Post by bigjackbrass on Jan 16, 2009 6:29:33 GMT -6
Issue 71 of Space Gamer (well worth tracking down through eBay or Noble Knight) was a Tékumel special issue and featured an interview with Professor Barker in which he was asked about this.
Aside from his general interest in Egyptian and Mayan culture he mentions "...other budding writers (Lin Carter was one of my best and strongest critics)..." and the "pulp" magazines of the time.
"I read copiously, as I said. I was thus influenced by almost any and every writer you can name: Howard, Merritt, E.R. Eddison, Clark Ashton Smith, Lovecraft, etc. Vance's Dying Earth came along, I think, only in 1951, and I loved it. Thereafter, Tékumel veered a little towards Vance's type of universe... Tékumel probably also gained some visual color from the movies: Thief of Baghdad, Sign of the Cross and many others. I loved the old Jon Hall/Maria Montez/Sabu/Turhan Bey potboilers."
All in all, I think that the professor created his world the way most of us do, drawing upon those histories and fictions that fascinate us and adding in (often without deliberate effort) elements from the world and popular entertainments around us. He's just particularly good at it
Good reply and quote, thanks. Don't think I have that issue of TSG (yet).
Yep; definitely Lin Carter and bouncing ideas to-and-fro - Barker's script and language are more elegant *g* - and pretty well established by 1950 (Dying Earth). That "veering" isn't overly noticeable on a lower level since the day-to-day setting and manner of presentation was largely in place by then, albeit with no sign of the pocket universe backstory. (One of those questions on my long "to ask" list, alas).
Last Edit: Jan 16, 2009 7:40:42 GMT -6 by harami2000
Thanks for the answers! Perhaps I'll try to find that issue of the Space Gamer.
Heh... that is definitely sounding like the best option: the early SR/Dragon articles are more world development than background inspiration, IIRC. I had a quick trawl through earlier sources for specific references and nothing jumped off the page explicitly. Designing one's own world is possible, of course (Barker had a particular way of phrasing that!), even if a degree of "inspiration" from background is inevitable. The other in-world "sources" are somewhat esoteric, unfortunately. *jk* (*checks a badger for any ideas*
<edit>:replace broken img link
Last Edit: Oct 12, 2009 13:33:58 GMT -6 by harami2000
Post by bigjackbrass on Jan 19, 2009 4:59:19 GMT -6
A wonderful list, there!
Space Gamer #71 is the main reason I found Tékumel in the first place, so I have a great fondness for it (and Space Gamer remains my favourite gaming magazine, even a couple of decades after its effective demise). You can see details of the cover and contents for that issue on this Acaeum page and it looks as though Noble Knight have one copy in stock.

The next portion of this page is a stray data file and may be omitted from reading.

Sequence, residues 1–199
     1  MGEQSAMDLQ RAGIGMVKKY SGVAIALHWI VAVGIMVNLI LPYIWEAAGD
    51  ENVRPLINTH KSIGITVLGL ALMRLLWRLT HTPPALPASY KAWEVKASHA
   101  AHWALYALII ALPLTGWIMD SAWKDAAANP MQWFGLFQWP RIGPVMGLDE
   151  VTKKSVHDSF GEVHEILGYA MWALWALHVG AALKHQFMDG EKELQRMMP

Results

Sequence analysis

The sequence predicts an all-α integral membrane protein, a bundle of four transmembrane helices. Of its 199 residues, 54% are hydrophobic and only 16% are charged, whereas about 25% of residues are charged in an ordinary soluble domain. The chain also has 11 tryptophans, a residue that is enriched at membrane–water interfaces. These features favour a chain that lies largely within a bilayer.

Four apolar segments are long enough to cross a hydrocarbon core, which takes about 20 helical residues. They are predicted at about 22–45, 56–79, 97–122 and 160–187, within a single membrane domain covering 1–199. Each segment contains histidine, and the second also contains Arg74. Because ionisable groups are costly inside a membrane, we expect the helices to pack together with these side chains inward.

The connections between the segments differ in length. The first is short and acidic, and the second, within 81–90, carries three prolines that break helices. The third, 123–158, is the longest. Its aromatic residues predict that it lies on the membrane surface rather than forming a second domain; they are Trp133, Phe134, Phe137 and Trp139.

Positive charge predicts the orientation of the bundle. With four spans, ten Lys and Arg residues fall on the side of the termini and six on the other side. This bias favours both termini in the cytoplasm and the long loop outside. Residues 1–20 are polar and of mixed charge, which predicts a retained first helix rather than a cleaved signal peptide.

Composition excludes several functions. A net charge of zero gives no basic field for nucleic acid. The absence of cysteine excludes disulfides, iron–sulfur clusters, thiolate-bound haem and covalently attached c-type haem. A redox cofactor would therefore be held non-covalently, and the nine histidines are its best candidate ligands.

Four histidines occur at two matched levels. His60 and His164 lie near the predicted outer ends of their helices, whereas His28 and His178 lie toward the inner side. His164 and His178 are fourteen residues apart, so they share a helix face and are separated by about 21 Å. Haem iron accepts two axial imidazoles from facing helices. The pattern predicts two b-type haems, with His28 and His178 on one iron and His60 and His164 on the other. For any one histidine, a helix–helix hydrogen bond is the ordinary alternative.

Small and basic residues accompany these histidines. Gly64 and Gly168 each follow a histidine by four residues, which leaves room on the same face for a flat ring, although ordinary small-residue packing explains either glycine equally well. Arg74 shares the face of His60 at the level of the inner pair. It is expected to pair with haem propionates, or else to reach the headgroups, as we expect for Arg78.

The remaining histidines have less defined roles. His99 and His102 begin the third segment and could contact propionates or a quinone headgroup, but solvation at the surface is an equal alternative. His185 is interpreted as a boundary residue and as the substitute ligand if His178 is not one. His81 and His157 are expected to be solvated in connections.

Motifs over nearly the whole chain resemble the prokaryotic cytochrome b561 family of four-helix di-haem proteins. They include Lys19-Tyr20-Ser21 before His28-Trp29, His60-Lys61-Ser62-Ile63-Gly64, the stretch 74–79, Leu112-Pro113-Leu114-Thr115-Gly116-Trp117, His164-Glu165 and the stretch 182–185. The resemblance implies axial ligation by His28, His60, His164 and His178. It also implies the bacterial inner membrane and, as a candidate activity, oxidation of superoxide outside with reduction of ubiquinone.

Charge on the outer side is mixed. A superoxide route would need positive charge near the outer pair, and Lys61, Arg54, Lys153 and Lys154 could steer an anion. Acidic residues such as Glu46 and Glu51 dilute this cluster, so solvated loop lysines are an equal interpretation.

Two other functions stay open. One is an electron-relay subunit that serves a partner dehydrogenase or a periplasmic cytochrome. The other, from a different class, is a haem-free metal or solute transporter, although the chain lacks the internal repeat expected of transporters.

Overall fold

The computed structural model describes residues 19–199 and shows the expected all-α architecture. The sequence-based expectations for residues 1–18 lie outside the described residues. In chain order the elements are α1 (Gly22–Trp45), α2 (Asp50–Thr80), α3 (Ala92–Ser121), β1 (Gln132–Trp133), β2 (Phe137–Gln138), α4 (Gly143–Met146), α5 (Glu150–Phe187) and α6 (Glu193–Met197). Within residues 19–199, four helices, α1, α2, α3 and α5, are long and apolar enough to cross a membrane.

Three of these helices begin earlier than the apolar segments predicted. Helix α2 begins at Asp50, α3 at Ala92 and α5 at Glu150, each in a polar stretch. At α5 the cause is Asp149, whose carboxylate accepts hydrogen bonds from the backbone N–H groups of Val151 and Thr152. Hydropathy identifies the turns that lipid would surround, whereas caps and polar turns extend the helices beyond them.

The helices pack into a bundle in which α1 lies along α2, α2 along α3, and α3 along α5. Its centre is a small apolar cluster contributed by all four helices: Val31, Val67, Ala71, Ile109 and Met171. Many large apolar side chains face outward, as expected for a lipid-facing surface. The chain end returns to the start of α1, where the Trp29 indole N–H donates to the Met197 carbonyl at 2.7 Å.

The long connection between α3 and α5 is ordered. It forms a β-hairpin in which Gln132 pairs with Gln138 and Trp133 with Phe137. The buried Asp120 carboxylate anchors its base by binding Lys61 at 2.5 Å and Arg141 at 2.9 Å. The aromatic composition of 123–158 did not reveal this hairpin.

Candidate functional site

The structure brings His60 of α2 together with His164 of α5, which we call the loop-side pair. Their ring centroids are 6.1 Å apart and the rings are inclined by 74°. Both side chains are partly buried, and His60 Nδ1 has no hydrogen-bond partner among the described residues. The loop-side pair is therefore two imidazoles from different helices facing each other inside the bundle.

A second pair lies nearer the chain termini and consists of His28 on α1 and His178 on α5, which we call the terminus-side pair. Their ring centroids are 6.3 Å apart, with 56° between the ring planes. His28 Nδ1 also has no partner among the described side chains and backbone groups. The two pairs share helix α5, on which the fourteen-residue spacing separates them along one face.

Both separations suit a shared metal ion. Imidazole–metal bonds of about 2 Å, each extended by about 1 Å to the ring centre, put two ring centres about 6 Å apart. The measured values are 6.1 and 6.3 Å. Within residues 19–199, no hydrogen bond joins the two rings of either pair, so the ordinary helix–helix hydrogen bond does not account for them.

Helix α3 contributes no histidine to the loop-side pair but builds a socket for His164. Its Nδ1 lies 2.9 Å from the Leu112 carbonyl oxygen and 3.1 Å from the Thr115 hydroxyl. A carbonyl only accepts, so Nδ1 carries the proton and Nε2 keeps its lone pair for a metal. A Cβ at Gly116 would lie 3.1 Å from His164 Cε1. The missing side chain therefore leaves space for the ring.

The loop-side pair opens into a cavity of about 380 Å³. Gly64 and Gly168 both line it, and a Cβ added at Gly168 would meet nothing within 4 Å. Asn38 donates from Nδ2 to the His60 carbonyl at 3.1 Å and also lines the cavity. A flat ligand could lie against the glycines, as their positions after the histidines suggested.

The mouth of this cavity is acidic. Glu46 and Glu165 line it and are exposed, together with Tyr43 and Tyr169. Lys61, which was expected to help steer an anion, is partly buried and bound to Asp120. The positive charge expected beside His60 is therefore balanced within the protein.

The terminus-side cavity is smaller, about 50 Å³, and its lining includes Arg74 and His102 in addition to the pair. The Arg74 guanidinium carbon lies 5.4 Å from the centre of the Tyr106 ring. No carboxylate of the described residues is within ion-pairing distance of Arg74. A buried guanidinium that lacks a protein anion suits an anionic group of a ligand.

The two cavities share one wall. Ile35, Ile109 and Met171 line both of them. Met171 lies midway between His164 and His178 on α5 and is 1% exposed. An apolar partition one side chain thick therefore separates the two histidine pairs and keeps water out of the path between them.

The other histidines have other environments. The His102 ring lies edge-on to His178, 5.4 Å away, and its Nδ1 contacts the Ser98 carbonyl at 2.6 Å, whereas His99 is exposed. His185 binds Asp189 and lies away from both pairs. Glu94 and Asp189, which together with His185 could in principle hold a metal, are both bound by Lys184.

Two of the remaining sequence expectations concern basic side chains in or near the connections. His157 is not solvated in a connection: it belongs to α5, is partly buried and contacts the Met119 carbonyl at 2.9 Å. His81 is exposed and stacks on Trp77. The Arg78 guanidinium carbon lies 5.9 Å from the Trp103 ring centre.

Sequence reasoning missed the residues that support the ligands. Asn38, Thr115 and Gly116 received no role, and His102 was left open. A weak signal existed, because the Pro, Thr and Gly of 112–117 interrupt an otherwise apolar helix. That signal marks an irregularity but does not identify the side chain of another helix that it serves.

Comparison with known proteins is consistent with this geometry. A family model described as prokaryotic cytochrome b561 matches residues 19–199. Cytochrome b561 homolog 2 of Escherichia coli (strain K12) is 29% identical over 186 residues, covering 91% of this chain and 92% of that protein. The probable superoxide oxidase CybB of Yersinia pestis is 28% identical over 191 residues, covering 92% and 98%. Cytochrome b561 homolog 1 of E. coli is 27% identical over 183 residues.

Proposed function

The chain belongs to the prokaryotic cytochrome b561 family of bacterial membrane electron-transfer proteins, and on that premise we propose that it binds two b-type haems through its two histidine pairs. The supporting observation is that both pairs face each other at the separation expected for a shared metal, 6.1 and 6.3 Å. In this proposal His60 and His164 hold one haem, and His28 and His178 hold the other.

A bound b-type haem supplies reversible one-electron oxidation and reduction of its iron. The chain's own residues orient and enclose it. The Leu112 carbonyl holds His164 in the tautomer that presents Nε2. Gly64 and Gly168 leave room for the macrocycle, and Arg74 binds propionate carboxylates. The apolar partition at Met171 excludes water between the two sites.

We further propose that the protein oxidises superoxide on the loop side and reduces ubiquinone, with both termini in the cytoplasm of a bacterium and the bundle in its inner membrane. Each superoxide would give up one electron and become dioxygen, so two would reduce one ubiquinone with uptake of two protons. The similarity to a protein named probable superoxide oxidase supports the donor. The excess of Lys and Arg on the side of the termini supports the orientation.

Post by thetekumelproject on Dec 3, 2009 19:16:50 GMT -6
I think Professor Barker must have been partially inspired by his time in India (and region) - I can't recall exactly he studied. It seems to me that the East Indian influences are stronger than the Central American ones most people pick up on.
I was channel surfing on the Sunday and Vision TV was broadcasting some sort of Hindu (I believe) religious show. It featured to men in armour who seemed to be reciting passages or verse. What struck me was with the skin colour and black hair, combined with the exotic Hindu armour, they could easily have been warrior priests of Karakan!
I know that the armour is very ornate much like Muslim and Hindu armour was. You can see examples in some Tekumel art, and the Professor has told me the armour should be decorated on at least two occasions.
One of the Seal of the Imperium magazines drew attention to the similarity between Indian Religious carts and the Chlen carts. Did one inspire the other?
I posted in the blueroom at one point asking about whether some of the various sacrificial knives were based on Tibetan Phurbas and the like. He seemed to indicate that it was a subconscious influence possibly. Ancient cities like Tikal, the architecture of India, and China certainly are the basis for many of his own drawings of buildings. For some reason one of those temples at Chitzen Itza just looks like a Sarku temple.....
You may additionally want to read the article titled TSOLYANI NAMES WITHOUT TEARS by M. A. R. Barker in the magazine Strategic Review, Volume 1, Issue 4. You can view a pdf version in the files/Tekumel Articles/ section of the following yahoo group -